Growing up my dad was a metal fabricator, I still remember the black welding soot on his hands when he would come home from work, and how hard he worked to provide for our family. My mom was an accountant for the local lumber company, the same lumber company my great grandfather would help out through the depression.
As time went on the family businesses would change, having rented out the family farm for a number of years after my Grandpa Erv retired, we got back into farming. It was never a big farm but it has always provided for our needs, and taught me the value of hard work.
Waking up early in the morning, appreciating the value hard work, and the beauty of greater Minnesota. Even to this day, I find myself helping my brother-in-law on his farm outside of Mantorville by driving his big red Mack in the fall.
Once farming gets in your blood, it never leaves you.
STARTING A FAMILY
July 10th, 1999 was a perfect day for a wedding and an outdoor
reception. It was the day Nicole and I were married at the Methodist Church in Kasson. We held the reception at the farm, and it had never looked so amazing. It was onto the next chapter of Marti’s in Kasson.
Nicole and I love our children. I wanted two, she wanted three, so settled on four. To the Martis, family is everything. Children whether your own or someone else’s will give you a purpose for doing the right thing and a reason to step boldly into the future.
As most Minnesotans know, raising a family isn't easy, but it's well worth all of the sacrifice.
STARTING A BUSINESS
After starting our family, we started Marti Electric out of our garage in 2000. It has since become a thriving business that has lead to other ventures, but it didn't come without the values of hard work I learned growing up on the farm.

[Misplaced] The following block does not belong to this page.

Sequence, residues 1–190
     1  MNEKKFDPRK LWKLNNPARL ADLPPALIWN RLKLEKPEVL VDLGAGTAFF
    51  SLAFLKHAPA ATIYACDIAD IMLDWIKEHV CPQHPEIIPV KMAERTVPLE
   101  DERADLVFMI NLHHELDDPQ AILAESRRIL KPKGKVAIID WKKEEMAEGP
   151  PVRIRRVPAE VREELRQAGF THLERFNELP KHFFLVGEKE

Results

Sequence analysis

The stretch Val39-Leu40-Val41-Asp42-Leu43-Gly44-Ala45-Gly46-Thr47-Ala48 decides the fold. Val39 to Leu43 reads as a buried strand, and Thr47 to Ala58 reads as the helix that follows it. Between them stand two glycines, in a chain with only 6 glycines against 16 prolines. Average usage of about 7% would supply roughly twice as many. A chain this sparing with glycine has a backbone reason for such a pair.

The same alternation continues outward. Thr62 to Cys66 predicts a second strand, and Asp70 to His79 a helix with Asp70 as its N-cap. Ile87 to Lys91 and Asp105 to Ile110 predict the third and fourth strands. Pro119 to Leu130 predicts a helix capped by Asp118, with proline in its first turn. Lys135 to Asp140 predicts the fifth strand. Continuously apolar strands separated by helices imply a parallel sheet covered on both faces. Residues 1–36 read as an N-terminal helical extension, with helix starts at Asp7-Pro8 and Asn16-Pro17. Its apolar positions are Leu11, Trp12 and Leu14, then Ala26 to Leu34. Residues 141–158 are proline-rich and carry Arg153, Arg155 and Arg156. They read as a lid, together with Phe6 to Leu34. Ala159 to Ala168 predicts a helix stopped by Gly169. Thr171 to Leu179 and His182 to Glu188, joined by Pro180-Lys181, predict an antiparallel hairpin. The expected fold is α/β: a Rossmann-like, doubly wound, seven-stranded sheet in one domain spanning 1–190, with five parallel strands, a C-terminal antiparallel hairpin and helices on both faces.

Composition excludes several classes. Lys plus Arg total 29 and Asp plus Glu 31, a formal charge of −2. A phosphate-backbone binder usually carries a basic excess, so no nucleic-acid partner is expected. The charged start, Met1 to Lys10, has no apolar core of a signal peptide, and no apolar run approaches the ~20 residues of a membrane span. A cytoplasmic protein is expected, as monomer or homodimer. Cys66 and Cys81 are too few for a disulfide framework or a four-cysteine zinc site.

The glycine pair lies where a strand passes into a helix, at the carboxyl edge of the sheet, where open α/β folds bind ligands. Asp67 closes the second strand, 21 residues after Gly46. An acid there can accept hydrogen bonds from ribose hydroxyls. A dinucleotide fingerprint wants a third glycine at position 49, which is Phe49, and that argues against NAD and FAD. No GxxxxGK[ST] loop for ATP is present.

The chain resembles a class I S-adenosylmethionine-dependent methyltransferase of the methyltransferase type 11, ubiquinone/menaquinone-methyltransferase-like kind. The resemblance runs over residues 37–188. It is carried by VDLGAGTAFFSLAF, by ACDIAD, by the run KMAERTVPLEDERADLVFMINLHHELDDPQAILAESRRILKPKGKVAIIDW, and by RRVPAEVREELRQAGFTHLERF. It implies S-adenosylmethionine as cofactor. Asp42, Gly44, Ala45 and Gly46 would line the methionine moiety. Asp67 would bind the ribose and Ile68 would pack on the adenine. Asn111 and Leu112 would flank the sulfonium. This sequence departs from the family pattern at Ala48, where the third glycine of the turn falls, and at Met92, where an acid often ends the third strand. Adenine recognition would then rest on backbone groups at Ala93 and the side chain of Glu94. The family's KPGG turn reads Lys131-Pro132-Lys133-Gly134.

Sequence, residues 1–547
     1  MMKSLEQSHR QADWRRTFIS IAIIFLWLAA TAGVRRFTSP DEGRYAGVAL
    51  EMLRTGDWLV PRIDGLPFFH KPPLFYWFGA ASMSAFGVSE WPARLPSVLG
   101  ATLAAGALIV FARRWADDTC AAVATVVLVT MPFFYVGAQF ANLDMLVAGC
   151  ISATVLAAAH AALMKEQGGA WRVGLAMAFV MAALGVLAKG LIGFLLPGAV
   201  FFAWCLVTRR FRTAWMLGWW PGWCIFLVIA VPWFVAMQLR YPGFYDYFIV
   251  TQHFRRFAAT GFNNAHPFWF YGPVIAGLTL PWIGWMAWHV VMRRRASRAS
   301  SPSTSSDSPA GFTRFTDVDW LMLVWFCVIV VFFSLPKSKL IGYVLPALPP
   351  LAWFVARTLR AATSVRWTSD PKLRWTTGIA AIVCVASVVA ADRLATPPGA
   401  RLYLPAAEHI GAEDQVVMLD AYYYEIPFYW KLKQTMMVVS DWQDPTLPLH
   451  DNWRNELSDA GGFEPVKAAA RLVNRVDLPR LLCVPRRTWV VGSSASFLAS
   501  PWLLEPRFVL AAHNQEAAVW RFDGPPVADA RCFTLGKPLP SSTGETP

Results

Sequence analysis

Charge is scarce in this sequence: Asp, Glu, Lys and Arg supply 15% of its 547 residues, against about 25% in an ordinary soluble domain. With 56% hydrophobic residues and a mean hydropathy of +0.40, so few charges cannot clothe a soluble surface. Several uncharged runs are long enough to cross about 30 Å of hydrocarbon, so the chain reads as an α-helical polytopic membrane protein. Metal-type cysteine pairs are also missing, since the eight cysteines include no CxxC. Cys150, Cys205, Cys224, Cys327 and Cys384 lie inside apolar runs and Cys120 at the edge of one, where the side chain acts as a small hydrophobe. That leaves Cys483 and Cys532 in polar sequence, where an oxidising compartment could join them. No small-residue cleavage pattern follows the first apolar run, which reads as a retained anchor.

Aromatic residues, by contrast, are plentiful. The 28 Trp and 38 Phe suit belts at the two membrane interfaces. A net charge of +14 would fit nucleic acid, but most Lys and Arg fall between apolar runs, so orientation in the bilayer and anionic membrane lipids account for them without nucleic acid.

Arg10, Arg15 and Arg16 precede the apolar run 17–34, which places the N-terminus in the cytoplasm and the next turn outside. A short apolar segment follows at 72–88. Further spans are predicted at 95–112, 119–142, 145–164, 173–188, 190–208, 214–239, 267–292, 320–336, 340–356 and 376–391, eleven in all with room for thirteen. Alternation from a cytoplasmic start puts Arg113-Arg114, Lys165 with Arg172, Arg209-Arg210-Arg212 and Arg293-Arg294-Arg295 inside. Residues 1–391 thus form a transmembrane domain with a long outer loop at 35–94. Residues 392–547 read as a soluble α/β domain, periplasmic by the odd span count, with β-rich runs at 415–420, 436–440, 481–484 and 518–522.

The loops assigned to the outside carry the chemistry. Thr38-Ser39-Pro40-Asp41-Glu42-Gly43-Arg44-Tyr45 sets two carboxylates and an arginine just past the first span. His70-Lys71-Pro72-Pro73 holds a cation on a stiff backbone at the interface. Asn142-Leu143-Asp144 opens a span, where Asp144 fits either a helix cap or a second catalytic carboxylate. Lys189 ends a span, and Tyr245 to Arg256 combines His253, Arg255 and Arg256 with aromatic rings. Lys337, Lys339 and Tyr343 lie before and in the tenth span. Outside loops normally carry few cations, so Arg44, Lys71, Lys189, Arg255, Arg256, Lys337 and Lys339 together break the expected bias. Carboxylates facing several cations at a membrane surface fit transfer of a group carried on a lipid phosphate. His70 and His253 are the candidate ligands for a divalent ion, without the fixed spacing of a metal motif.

Running a business is not easy, no matter if it is large or small you have deadlines to meet and customers to please. Successfully running a business takes humility, it means that others, like customers and employees will come before yourself. There will be times that you are the lowest paid person in the company but hard work and determination will usually pay off. Running a small business means that you need to solve problems, and not just
specific ones but a wide variety. One minute you might be trying to figure out what the engineer is trying to convey on a set of plans and the next you’ll be figuring out how to get people to the next job site because they have a flat tire and a deadline. It takes focused
attention to the issues at hand and a mind on the big picture all at the same time. Sometimes a flat tire is not your biggest problem, sometimes it is totally out of your control, like a recession. I’ve been through recessions, some big and some small, I know the pain
and sleepless nights that they bring. I know the frustration of watching shiny new DOT trucks drive by, which we’ve all paid for, while driving my old truck.
Of course through a lot of perseverance, and a little luck we not only weathered those storms, but we have become a thriving business that is able to provide for our family, and more.
A lot of Minnesotans experience these struggles, and is something our current governor doesn't seems to understand. Even when struggling businesses were given assistance he decided to tax PPP relief even while Minnesota has a budget surplus.
We need new leadership that won't destroy Minnesotans livelihoods, and will be responsible with our spending.